Confessionalism and the SBC

I am surprised at the lack of discussion regarding a significant change being proposed to the Southern Baptist Convention’s constitution. Convention messengers in Baltimore this month will be asked to consider amending Article III to say that churches will not be considered “in friendly cooperation” with the SBC if they have “intentionally operated in any manner demonstrating opposition to the doctrine expressed in the Convention’s most recently adopted statement of faith.” A similar purpose is accomplished in our own SBTC constitution in Article IV, Section 2, paragraph A which requires an affiliated church to affirm “the doctrinal position of the SBTC.” Presently, that doctrinal expression is most thoroughly articulated in the Baptist Faith & Message. For the Southern Baptist Convention to become an overtly confessional fellowship is a big deal, and a positive move.

Whether you trace the beginning of denominationalism—churches cooperating together—to Acts 11 or some later point, doctrinal accountability was always a significant reason for the cooperation and not merely a foundational assumption. When Baptists in New England began to send church planters south or when East Coast Baptists sent missionaries to Texas, they were sending those workers into places that already had churches of some sort. The shortage was in “Baptist” churches. That could only have mattered for doctrinal reasons. Otherwise, Catholic or Congregational churches would have sufficed.

In our day, most expressions of Baptist denominational fellowship tend to take doctrinal agreement for granted to their detriment. Our associations and state conventions find themselves scrambling when an unavoidable theological matter arises. The SBC found itself in that situation in 1992 when a couple of our churches decided to license or “marry” homosexual members. We had to amend our constitution to affirm a biblical morality that was already part of the Baptist DNA. It was messy and would not have been necessary if we already had a statement of faith. As it is now, our institutions have a statement of faith but the SBC itself, the fellowship of churches, really doesn’t. It’s time to reclaim the doctrinal basis for our fellowship. Doctrine may not be the reason for our cooperation but it must surely be its foundation.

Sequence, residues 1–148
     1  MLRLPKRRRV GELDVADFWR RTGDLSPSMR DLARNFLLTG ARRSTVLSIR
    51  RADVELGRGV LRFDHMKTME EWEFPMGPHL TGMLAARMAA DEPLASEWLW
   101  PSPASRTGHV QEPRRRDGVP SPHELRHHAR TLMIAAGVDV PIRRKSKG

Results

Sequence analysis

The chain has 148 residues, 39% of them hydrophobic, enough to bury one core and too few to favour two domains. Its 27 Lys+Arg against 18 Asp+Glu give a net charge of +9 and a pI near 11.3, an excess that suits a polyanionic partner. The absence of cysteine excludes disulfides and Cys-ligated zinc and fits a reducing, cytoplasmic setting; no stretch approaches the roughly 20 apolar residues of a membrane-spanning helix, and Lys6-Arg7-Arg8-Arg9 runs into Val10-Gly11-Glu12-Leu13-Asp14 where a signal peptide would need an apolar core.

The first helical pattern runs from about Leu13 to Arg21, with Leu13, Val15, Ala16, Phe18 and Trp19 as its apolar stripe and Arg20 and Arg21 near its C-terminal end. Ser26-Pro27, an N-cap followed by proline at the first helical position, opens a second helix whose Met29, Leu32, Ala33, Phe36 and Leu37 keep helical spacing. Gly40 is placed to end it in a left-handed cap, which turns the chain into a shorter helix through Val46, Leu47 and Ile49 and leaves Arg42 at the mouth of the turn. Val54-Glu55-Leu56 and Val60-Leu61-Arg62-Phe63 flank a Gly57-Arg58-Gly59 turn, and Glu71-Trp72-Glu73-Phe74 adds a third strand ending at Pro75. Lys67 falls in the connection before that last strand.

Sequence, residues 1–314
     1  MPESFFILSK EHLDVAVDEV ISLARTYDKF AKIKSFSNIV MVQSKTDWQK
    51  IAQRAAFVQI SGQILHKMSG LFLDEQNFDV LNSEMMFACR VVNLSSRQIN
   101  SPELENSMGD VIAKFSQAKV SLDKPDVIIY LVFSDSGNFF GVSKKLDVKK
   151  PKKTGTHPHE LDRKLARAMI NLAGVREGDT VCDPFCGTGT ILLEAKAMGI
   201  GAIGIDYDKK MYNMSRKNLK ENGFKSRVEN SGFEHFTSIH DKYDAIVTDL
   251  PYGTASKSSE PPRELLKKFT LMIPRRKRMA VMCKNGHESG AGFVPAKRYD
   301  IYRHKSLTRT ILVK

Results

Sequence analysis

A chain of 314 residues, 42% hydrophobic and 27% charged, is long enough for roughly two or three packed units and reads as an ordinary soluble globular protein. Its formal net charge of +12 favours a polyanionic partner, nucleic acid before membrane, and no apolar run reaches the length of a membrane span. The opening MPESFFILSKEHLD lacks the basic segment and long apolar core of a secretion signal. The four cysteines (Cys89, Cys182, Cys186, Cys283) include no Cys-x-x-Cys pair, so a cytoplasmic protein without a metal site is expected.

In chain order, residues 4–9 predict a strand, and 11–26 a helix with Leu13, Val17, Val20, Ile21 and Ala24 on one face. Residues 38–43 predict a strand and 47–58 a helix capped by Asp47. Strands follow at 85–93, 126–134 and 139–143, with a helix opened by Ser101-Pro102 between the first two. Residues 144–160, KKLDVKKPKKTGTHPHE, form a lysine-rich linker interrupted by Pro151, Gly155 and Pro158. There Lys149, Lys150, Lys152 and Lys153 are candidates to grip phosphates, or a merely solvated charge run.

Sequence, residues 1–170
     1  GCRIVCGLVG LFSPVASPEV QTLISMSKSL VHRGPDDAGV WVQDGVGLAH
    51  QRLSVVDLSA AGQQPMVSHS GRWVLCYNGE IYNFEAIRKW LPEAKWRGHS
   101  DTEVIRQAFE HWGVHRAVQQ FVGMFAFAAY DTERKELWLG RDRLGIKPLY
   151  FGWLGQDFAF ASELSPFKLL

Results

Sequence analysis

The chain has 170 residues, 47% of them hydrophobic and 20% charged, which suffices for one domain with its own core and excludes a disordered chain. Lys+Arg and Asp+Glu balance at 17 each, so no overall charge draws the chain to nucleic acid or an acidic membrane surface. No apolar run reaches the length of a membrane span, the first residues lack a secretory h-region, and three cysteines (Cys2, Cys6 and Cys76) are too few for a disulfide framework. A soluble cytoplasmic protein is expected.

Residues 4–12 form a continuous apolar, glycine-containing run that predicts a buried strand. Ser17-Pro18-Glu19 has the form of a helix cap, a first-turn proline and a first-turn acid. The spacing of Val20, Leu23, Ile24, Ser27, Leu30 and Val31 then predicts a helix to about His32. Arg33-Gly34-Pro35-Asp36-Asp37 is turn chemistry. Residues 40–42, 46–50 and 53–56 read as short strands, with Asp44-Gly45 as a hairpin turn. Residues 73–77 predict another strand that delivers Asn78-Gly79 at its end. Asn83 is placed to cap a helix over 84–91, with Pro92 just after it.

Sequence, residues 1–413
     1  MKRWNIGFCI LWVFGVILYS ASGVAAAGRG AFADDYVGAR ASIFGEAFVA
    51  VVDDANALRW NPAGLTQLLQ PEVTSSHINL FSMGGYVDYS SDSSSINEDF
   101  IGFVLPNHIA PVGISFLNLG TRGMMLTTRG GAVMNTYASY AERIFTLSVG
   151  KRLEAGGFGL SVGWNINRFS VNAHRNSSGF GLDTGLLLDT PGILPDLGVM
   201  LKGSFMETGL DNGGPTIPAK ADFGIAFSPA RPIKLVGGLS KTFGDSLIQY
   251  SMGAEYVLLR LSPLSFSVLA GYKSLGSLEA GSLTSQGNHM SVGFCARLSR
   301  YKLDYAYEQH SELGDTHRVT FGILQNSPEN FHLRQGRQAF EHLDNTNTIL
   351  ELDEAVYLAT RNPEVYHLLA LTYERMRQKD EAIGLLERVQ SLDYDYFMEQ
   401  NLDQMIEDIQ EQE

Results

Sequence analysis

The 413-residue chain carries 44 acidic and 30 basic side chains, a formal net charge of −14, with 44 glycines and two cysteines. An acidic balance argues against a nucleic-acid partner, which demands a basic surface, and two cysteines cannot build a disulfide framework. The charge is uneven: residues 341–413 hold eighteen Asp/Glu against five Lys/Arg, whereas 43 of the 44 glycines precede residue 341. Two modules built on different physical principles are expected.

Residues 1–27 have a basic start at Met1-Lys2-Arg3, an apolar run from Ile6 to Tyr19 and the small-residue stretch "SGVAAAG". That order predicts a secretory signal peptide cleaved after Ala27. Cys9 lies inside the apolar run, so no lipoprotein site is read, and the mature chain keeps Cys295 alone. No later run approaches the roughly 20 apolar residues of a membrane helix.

I helped plant a church once that was located in an a-theological association. When the time came for us to apply for membership we were held off for over a year because the leadership feared we might upset the fellowship with our conservatism. There was no doctrinal agreement within the fellowship but there was an unyielding value placed on being tolerant. The prime directive was to protect harmony with the liberal CBF churches in the area. We were eventually accepted and caused no disruption but by that time we’d come to understand that “fellowship” in that context was a pretty cheap concept. And it is a concept with little value in any organization that defines itself by feelings rather than beliefs or even conduct. Ironically, such organizations can find themselves in more frequent squabbles because they live within such a vague and arbitrary description of themselves.

Perhaps our own state convention can be a positive role model here. We basically don’t fight over theology because we begin by agreeing on what’s important. Sure we talk about eschatology, worship style, soteriology and a variety of knotty matters, but we do so as those who agree that the Bible is true and the Jesus revealed therein is Lord of all truth. It’s a wonderfully clear place to be and a great boon to actual fellowship.

If the SBC approves this constitutional change there will be more work for the convention’s Credentials Committee and perhaps even the Executive Committee. I believe that work will be simpler since we will have defined the issues. Previously unsuccessful challenges to churches could now find standing under this amendment. I think the rubber will hit the road most quickly on the matter of lady pastors. There are a handful of churches still affiliated with the SBC who have female pastors and these will come under scrutiny. Even a clear-cut disagreement as this would be is still regrettable but that shouldn’t make us timid. Let’s be honest: when was the last time you disagreed with someone over only one foundational matter? Find me that inerrantist, pro-life, traditional marriage-supporting, evangelistic lady pastor in a Southern Baptist church. I’d still believe she was not called of God to pastor but I’d sure love to hear her talk about theology and hermeneutics. My point is that she’s most rare and so is a Southern Baptist church only offended by the Baptist Faith & Message on one major point. If you disagree with us on Article I (Scripture), that disagreement will rear its head at least by the time we’re talking about the doctrine of salvation or the family. If we don’t agree on Article I we just don’t agree on what “Baptist” means. Neither do we have any common basis upon which to cooperate for the sake of worldwide missions.

Our churches will still completely retain their autonomy if this amendment passes. No one is forcing a creed or confession on your church or mine. In fact, we’ve discovered that the churches within the SBTC fellowship have a lot of convictions beyond what’s spelled out in the Baptist Faith & Message. Within those bounds we disagree on a variety of doctrines and practices. Affirming the confession is not the same as adopting it as a complete expression of your own doctrine. It is instead a basic, minimal foundation for our relationships and common work. I think it will work in the life of the SBC, and the 2,485 churches of the SBTC have provided a laboratory to show the rest the convention the benefits of confessional fellowship.

Gary Ledbetter
Southern Baptist Texan
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